R.I.P. Joseph Grado – His Inventions Shaped the Way We Hear Music

Posted: February 14, 2015 in music
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Late last week, one of the great innovators in consumer audio passed away. The loss of Joseph Grado is felt deeply by all of us who love and care about great audio gear.

The company Joseph started, Grado Labs, continues to be a huge name in the hi-fi audio industry. The Grado of today makes several different styles of headphones, from world-class high-end models to sub-$100 consumer models, as well as headphone amplifiers and phono cartridges for record players. It has always followed Joseph’s original vision of making products that try to reproduce music as faithfully and accurately as possible, so you hear your favorite songs the way they were meant to be heard.

“My uncle, foremost, was a lover of music,” says John Grado, Joseph’s nephew and current President & CEO of Grado Labs.

But even though Joseph Grado displayed obvious talent and ambition early in life, Joe never planned a future in audio. In fact, when he began working in the field, he scarcely knew what a decibel was, and he certainly wasn’t well-acquainted with the finer points of audio component design.

Joseph was watchmaker by trade, and while he didn’t have much experience in the audio world, he had a passion for perfection and an ear for sound. It was at the insistence of Saul Marantz (the mind behind Marantz pre-amps) that Joseph met with Sherman Fairchild, who wanted his “expert” advice on improving the manufacturing process of his phono pickups. Joe obliged, and Fairchild all but offered him a job on the spot.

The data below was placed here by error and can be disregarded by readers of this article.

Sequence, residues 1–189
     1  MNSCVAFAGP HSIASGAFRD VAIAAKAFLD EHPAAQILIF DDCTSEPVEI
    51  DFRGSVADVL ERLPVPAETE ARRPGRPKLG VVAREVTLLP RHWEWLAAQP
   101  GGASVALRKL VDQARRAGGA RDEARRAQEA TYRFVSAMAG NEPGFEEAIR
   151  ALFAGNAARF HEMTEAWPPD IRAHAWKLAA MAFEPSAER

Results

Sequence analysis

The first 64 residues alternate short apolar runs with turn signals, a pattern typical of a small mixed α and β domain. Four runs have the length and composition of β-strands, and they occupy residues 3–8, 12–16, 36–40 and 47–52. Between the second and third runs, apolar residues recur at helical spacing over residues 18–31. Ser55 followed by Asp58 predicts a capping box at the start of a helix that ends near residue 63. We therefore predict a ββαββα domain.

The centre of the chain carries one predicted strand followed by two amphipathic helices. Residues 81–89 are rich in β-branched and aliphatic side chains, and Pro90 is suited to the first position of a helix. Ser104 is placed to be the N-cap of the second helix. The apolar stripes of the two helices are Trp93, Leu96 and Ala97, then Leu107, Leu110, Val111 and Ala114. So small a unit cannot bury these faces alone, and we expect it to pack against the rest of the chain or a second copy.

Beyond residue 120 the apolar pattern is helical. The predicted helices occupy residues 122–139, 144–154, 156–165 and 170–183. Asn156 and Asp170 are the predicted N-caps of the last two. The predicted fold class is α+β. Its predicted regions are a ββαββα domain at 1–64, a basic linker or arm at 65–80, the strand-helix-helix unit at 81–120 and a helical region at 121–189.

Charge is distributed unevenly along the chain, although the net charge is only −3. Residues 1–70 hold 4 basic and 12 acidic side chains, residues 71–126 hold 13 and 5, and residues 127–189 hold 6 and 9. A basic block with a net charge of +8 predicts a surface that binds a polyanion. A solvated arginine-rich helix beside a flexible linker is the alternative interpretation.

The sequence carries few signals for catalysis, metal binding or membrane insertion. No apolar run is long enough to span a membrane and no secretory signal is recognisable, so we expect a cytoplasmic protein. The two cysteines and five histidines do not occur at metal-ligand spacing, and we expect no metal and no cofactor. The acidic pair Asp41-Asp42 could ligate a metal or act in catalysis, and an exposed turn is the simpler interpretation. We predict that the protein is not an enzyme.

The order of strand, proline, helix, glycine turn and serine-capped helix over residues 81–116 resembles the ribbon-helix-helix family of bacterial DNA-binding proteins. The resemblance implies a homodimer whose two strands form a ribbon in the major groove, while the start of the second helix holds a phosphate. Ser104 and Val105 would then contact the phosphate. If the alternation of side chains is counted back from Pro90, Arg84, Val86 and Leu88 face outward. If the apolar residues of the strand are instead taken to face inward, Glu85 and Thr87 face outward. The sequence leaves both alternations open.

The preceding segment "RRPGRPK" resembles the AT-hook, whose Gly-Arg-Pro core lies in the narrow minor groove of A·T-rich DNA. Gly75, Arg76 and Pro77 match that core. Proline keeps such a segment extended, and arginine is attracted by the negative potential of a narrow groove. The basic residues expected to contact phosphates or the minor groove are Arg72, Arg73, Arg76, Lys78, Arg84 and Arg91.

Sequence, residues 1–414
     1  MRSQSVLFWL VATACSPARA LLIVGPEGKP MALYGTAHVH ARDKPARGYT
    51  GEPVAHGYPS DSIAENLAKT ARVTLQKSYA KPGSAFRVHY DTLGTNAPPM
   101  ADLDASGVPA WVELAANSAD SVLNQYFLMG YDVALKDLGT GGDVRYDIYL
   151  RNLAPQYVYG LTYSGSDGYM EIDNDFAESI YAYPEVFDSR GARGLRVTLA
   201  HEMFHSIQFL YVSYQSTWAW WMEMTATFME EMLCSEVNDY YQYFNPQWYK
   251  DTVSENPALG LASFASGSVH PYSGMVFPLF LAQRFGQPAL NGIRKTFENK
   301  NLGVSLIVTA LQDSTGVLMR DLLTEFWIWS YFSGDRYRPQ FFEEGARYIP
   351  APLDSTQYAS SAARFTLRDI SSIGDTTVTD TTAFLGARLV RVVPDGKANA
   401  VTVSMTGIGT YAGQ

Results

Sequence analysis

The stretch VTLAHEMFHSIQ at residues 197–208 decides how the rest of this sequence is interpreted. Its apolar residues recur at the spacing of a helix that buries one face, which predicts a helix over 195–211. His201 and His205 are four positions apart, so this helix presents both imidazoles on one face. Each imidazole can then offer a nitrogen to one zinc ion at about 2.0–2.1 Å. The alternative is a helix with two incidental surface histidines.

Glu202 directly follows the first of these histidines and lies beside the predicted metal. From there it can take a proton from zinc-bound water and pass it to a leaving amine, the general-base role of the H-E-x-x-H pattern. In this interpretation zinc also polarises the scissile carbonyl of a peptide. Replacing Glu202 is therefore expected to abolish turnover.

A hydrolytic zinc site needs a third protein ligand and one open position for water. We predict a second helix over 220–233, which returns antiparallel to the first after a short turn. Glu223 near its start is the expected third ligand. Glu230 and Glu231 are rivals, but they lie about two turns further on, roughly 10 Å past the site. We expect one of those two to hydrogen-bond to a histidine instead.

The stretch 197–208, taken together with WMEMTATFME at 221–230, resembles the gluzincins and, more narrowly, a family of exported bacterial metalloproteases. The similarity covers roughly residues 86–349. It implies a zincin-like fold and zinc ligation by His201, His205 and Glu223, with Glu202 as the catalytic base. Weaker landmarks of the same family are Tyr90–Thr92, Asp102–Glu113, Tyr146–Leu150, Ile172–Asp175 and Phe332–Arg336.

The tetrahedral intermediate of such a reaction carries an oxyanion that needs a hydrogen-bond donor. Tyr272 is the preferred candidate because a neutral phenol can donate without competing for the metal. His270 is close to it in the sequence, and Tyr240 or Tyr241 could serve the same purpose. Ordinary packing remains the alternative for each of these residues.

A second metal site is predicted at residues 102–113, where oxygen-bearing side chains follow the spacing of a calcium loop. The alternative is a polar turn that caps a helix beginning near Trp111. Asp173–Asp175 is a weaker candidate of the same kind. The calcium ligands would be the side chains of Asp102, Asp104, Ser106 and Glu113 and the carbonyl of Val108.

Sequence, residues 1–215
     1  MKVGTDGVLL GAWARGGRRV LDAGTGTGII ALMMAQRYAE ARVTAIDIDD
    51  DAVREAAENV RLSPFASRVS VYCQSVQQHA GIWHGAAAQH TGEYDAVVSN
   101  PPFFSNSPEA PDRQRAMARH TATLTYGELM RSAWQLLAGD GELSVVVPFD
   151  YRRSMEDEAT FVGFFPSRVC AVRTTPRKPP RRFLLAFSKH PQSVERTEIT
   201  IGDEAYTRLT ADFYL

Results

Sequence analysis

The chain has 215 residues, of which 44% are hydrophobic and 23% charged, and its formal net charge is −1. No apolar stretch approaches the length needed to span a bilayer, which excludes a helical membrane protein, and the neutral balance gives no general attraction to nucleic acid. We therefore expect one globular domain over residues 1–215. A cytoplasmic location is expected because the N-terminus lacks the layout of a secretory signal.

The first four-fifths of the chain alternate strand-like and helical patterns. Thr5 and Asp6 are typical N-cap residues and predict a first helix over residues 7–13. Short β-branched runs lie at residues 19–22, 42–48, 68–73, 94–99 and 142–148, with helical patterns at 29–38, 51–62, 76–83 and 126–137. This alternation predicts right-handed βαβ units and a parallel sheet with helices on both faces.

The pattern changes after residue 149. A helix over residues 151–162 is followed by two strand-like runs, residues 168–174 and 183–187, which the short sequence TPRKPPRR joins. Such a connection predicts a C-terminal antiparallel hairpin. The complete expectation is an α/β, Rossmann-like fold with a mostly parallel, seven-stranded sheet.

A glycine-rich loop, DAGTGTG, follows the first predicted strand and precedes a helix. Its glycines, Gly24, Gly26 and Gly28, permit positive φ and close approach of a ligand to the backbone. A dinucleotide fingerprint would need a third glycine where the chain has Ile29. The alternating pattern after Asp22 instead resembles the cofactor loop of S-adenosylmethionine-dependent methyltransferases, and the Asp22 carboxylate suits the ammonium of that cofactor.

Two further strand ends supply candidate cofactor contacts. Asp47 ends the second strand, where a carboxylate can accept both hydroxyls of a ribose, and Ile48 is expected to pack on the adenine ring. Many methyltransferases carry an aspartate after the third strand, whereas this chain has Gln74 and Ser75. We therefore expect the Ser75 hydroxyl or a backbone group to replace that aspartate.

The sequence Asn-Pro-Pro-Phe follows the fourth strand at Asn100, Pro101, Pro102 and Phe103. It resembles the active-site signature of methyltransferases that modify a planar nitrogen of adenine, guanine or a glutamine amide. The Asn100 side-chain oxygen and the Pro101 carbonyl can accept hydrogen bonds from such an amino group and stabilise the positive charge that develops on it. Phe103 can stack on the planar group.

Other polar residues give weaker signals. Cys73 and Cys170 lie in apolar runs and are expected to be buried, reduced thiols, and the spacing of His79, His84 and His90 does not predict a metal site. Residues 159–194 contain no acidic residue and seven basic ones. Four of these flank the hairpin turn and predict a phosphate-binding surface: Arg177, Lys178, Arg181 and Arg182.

Grado left his watchmaking position at Tiffany & Co. to helm Fairchild’s struggling hi-fi operation and used his talents to design and manufacture quality phono pickups. Not long after, in 1953, Joe struck out on his own to begin making the very first Grado Labs cartridges in his kitchen in Brooklyn. Sixty-two years, almost 50 patents, and dozens of products later, Grado Labs is one of the foremost names in the audiophile world.

Among his most important patented inventions is the stereo moving-coil cartridge, a new (in 1959, anyway) design for the record player stylus that offered a significant improvement in audio fidelity. Joe Grado also created the HP-1000 headphones, an iconic design that’s not only still sought-after by collectors, but one which still technically and visually informs all of the modern headphone designs Grado makes today.

http://www.wired.com/2015/02/joseph-grado-gallery/#slide-id-1732899

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